Energy usage in the United States has increased by more than 50 percent in the last half-century, and a similar increase is projected by 2030. In many places, the impacts of energy development are considered only on a project-by-project basis without accounting for their collective effects on fresh water and other natural systems that ensure the health of people and wildlife.
A new study by Nature Conservancy scientists published today in the journal PLOS ONE, is the first one to examine the potential environmental impacts of shale gas and wind development across the entire Marcellus shale play, a mammoth gas field in Central Appalachia that underlies portions of New York, Pennsylvania, Ohio, Maryland, Virginia and West Virginia.
The Marcellus shale gas play is one of the most active shale gas developments in the world and falls within the Central Appalachian Forest—a national and global hotspot for natural diversity and a source of drinking water for more than 22 million people in several of the largest metropolitan areas in the United States (e.g. New York City, Pittsburgh, Philadelphia and Washington, DC).
“Studies such as this provide the tools to evaluate areas where cumulative impacts may be the highest, enabling decision-makers to focus on how those impacts may be minimized,” said Jeffrey Evans, lead author of the manuscript and Senior Landscape Ecologist for The Nature Conservancy’s Development by Design global program.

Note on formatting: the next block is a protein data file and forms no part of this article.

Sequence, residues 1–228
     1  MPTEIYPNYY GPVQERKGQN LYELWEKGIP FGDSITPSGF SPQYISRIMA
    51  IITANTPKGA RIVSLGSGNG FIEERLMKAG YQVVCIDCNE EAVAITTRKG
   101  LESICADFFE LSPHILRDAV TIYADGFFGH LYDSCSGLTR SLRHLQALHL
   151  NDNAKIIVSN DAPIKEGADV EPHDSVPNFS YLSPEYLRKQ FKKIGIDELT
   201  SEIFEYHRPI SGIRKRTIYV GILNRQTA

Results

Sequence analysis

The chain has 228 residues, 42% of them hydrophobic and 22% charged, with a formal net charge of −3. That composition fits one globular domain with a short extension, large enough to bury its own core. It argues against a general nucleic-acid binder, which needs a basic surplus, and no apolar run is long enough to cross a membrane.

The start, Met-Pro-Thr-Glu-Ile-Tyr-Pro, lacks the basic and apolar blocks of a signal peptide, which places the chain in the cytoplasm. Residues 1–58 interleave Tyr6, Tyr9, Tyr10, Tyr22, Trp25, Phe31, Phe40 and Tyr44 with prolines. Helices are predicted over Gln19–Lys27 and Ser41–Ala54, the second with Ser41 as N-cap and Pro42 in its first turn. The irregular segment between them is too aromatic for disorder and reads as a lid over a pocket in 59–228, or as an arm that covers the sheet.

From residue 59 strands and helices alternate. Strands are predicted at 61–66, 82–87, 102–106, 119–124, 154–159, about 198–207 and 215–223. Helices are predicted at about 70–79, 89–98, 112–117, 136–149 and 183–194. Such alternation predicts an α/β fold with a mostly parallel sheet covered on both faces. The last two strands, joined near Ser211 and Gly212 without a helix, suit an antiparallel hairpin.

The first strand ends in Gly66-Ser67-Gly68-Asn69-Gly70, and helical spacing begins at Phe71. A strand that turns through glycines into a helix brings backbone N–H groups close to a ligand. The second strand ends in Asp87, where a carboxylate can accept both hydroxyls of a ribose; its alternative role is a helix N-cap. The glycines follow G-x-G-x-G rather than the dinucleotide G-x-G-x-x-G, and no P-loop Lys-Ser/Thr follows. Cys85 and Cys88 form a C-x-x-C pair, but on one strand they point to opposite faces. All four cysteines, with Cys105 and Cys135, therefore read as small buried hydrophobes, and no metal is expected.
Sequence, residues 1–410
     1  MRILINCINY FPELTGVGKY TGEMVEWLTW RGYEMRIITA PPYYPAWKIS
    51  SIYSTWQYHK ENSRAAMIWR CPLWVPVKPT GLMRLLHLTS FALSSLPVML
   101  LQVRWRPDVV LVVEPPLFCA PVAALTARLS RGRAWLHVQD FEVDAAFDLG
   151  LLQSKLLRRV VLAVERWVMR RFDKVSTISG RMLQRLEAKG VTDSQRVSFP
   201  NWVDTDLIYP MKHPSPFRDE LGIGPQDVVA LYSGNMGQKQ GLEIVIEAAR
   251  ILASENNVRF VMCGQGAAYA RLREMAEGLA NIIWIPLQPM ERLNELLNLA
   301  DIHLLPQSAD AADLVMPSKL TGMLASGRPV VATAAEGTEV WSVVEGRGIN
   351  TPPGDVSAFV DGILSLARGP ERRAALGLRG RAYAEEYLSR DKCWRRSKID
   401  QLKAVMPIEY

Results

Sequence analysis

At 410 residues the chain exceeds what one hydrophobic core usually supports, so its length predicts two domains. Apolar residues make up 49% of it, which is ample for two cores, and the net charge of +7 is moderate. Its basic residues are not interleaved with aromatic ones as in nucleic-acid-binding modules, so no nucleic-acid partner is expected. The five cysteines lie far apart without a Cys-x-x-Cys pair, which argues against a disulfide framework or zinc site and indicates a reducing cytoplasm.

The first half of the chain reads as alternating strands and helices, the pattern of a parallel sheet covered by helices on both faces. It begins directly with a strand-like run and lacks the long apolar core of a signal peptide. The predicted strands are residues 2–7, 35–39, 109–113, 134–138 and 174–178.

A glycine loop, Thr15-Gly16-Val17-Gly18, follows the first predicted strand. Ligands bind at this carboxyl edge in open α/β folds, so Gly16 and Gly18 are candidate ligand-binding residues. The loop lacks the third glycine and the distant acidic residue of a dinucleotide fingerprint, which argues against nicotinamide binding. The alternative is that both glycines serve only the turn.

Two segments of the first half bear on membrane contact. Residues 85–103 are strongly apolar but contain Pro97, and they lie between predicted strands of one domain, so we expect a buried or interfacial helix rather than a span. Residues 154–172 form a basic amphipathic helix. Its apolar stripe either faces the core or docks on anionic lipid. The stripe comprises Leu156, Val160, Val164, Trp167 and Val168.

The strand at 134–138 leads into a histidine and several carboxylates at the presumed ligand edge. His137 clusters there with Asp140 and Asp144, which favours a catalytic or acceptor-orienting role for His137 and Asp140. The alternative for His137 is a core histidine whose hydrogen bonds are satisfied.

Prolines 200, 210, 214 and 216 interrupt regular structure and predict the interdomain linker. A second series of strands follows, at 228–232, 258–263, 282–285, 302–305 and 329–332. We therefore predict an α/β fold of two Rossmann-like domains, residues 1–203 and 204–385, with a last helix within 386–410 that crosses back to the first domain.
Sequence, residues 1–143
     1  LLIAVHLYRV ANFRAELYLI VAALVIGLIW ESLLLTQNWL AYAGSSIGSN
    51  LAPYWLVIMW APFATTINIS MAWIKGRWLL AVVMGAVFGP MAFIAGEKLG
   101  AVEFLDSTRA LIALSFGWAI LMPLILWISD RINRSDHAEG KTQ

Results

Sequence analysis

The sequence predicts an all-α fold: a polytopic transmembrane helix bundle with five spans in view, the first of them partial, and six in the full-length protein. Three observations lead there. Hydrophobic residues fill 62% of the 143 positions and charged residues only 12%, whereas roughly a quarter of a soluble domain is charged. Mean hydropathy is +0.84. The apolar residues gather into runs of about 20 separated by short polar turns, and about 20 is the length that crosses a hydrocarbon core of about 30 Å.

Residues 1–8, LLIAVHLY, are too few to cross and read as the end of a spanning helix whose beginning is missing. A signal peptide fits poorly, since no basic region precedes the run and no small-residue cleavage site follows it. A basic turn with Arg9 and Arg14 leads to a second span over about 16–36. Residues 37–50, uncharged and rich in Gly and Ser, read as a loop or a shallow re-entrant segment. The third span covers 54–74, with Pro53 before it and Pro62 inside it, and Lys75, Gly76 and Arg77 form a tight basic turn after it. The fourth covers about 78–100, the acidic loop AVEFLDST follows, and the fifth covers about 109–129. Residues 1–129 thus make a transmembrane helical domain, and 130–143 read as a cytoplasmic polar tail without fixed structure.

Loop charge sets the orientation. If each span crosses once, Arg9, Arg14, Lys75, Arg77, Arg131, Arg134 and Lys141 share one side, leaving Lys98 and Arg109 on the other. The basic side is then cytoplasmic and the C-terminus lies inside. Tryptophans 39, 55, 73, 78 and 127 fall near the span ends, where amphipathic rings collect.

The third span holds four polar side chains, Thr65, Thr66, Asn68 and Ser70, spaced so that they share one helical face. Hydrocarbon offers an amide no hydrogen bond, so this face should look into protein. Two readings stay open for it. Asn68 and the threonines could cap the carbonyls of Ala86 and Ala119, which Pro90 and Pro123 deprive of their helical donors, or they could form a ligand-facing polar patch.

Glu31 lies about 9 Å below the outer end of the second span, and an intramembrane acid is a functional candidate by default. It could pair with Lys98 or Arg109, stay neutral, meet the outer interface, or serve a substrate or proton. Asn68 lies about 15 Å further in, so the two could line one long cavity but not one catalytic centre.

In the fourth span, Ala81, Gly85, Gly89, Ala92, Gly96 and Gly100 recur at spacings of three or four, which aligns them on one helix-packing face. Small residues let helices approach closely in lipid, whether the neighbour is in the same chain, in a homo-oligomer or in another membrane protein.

The study uses The Conservancy’s Development by Design methodology, taking a proactive, big picture approach to identify where conflicts could occur between expected development and important natural resources.
The study found the following:
The paper illustrates that it is the cumulative impacts to land and water that pose the greatest challenge for energy expansion. Despite the potential for significant cumulative impacts, there are no safeguards in place to assess or even consider these potential impacts in the decisions made about development siting.
“Our analysis illustrates that you do not need to wait until development occurs to estimate environmental impacts. By using science-based scenario modeling, political and corporate decision makers can take a proactive approach to development planning that avoids impacts before they create significant problems,” said Joe Kiesecker, co-author and a Conservancy’s Lead Scientist and Development by Design Director.
The Nature Conservancy is also working on a broader Appalachians-wide analysis that will evaluate the potential effects of natural gas, coal, and wind development on the region’s forests and natural resources over the next 20 years. This analysis will help actors in the public, private, and non-profit sectors to consider the cumulative effects of energy development on nature and natural resources across the entire region, and to take those impacts into account when planning and implementing development projects.
News release by The Nature Conservancy.